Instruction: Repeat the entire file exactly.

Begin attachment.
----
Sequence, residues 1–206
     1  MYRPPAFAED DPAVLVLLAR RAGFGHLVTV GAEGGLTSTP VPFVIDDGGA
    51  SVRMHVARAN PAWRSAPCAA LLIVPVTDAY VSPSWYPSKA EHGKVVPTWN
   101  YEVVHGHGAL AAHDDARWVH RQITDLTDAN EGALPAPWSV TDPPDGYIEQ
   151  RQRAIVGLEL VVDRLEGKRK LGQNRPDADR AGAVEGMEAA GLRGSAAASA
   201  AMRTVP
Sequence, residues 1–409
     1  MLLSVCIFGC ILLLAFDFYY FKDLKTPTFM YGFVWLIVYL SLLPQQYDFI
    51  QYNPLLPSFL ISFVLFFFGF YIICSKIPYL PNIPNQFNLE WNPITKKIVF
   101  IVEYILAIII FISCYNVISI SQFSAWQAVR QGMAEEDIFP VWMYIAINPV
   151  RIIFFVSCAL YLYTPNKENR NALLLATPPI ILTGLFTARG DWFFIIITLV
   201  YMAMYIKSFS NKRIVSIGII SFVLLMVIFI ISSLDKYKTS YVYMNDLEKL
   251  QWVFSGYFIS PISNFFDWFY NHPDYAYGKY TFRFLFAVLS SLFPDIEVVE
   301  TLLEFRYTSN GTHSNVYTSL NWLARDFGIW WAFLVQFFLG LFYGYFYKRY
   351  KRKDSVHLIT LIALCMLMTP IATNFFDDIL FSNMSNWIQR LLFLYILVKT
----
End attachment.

Sequence, residues 1–206
     1  MYRPPAFAED DPAVLVLLAR RAGFGHLVTV GAEGGLTSTP VPFVIDDGGA
    51  SVRMHVARAN PAWRSAPCAA LLIVPVTDAY VSPSWYPSKA EHGKVVPTWN
   101  YEVVHGHGAL AAHDDARWVH RQITDLTDAN EGALPAPWSV TDPPDGYIEQ
   151  RQRAIVGLEL VVDRLEGKRK LGQNRPDADR AGAVEGMEAA GLRGSAAASA
   201  AMRTVP
Sequence, residues 1–409
     1  MLLSVCIFGC ILLLAFDFYY FKDLKTPTFM YGFVWLIVYL SLLPQQYDFI
    51  QYNPLLPSFL ISFVLFFFGF YIICSKIPYL PNIPNQFNLE WNPITKKIVF
   101  IVEYILAIII FISCYNVISI SQFSAWQAVR QGMAEEDIFP VWMYIAINPV
   151  RIIFFVSCAL YLYTPNKENR NALLLATPPI ILTGLFTARG DWFFIIITLV
   201  YMAMYIKSFS NKRIVSIGII SFVLLMVIFI ISSLDKYKTS YVYMNDLEKL
   251  QWVFSGYFIS PISNFFDWFY NHPDYAYGKY TFRFLFAVLS SLFPDIEVVE
   301  TLLEFRYTSN GTHSNVYTSL NWLARDFGIW WAFLVQFFLG LFYGYFYKRY
   351  KRKDSVHLIT LIALCMLMTP IATNFFDDIL FSNMSNWIQR LLFLYILVKT